Professional body has promised to eliminate its head office and staff business travel emissions by mid-century without relying on carbon offsetting.
The Energy Institute, the membership organisation for the energy sector, has committed to achieving net zero emissions “well before” mid-century.
The group announced on Friday that it intends to reach a string of science-based emissions targets over the next two decades without resort to carbon offsetting.
The EI’s decarbonisation roadmap involves reducing its head office and business travel emissions by 26.2 per cent by 2025 against a baseline year of 2019, before achieving reductions of 47.9 per cent and 67.9 per cent by 2030 and 2035, respectively.
“The EI is resolved to end its own impact on the climate and is joining a growing number of organisations on an ambitious but managed journey to net zero,” EI president Steve Holliday said. “We do not yet have all of the answers, but I hope our members, partners and customers will be inspired to follow.”
Holliday noted that the energy industry also had a key role to play in building a more resilient economy in the wake of the coronavirus crisis. “The current pandemic has wreaked personal and economic tragedy,” he said. “But it could yet lead to something positive too, if we’re smart with how we emerge from it. We must not squander this opportunity to rebuild our economies in a more sustainable way that averts future shocks to our way of life.”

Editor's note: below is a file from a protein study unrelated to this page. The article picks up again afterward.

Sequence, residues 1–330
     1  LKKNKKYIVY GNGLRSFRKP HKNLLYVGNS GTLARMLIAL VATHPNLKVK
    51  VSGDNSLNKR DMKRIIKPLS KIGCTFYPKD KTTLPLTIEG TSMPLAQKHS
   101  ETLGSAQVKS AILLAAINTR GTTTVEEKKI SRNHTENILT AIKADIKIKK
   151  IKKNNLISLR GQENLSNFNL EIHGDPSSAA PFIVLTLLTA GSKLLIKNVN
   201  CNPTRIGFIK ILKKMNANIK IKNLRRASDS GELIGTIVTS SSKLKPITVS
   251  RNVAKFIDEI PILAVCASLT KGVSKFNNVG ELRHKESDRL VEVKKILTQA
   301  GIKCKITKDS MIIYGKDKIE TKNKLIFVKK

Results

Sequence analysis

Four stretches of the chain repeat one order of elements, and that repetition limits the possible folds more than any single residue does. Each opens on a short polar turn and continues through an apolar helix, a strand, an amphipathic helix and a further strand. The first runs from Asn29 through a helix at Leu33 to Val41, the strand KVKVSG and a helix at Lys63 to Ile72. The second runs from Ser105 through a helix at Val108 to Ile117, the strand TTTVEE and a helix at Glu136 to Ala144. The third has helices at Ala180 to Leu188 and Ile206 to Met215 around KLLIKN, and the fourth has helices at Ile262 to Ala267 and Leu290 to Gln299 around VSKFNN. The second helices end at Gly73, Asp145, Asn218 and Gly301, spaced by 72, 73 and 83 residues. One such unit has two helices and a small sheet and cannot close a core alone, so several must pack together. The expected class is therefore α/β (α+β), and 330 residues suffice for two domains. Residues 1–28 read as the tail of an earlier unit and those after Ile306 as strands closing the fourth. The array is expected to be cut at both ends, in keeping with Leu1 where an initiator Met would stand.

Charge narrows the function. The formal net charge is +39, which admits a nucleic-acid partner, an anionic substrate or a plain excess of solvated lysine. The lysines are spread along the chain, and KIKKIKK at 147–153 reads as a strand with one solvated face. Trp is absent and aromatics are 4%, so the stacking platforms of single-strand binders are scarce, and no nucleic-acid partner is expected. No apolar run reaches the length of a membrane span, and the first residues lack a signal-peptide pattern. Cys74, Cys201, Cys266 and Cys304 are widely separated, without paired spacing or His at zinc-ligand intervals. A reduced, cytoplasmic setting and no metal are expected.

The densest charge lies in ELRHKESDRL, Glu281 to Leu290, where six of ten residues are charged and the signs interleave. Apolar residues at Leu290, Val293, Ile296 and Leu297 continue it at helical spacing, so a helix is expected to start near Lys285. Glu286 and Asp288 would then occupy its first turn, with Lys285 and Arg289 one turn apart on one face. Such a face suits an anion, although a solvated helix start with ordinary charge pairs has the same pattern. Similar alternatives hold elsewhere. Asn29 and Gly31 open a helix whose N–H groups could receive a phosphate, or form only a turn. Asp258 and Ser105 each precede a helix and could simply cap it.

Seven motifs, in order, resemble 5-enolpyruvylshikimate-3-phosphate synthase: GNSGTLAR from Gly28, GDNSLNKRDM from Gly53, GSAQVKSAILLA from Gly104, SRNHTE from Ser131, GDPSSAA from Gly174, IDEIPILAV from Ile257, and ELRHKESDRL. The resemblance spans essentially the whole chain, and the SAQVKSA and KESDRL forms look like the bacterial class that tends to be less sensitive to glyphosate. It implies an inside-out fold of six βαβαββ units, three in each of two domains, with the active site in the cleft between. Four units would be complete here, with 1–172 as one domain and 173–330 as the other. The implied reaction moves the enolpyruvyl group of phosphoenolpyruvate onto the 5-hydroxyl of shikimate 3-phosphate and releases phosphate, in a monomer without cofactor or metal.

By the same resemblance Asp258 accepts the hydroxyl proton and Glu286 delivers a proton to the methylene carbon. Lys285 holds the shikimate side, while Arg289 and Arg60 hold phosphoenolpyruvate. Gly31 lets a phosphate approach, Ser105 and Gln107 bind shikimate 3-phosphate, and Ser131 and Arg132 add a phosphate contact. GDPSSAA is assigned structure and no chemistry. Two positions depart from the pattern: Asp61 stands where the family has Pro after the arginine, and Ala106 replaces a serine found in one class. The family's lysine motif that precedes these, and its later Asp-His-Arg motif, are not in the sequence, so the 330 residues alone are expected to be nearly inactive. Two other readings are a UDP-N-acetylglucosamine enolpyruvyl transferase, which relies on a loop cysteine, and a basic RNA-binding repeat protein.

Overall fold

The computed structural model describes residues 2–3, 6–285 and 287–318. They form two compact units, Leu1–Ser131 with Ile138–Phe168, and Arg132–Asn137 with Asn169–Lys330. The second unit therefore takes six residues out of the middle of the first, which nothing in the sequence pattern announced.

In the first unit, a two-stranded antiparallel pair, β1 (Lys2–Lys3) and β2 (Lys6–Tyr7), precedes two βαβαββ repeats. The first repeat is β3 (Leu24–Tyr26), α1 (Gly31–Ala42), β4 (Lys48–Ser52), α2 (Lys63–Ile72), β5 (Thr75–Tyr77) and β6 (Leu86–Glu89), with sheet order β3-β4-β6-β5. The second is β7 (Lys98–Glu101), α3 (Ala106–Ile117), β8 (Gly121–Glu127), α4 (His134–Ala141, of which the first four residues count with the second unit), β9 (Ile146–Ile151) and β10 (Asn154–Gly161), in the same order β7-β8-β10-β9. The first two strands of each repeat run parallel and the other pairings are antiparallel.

The EI confirmed it will produce annual emissions and progress reports in support of the new target, as well as plans outlining how it expected to reach its new emission reduction goals. It added that its work would initially revolve around “building optimisation and behaviour change” initiatives.
The body also committed to investigate its indirect emissions, in particular in relation to its events, with a view to potentially include these in future reports.
EI chief executive Louise Kingham told members in an article in the group’s Energy World and Petroleum Review magazines that the transition to digital and remote working prompted by the pandemic may fundamentally change the industry group’s approach to events.
“With all things digital and remote being the new normal, the technology has challenged us to go faster. I expect this new norm to be sustained,” she wrote. “Will we meet again at large conferences and other events? I believe so, as we are social beings at our core, but I think it will take time and the reasons for doing so might have changed.”
She added: “Discontinuity has challenged us all. But it has also inspired us to innovate, to change our mindset, and to live life better. I think we must all build on those improvements going forward for the good it will create.”
The EI represents roughly 20,000 members and 200 companies in “almost all areas of the energy system,” according to its website, covering sectors ranging from conventional oil and gas to hydrogen, battery storage, and carbon capture and storage.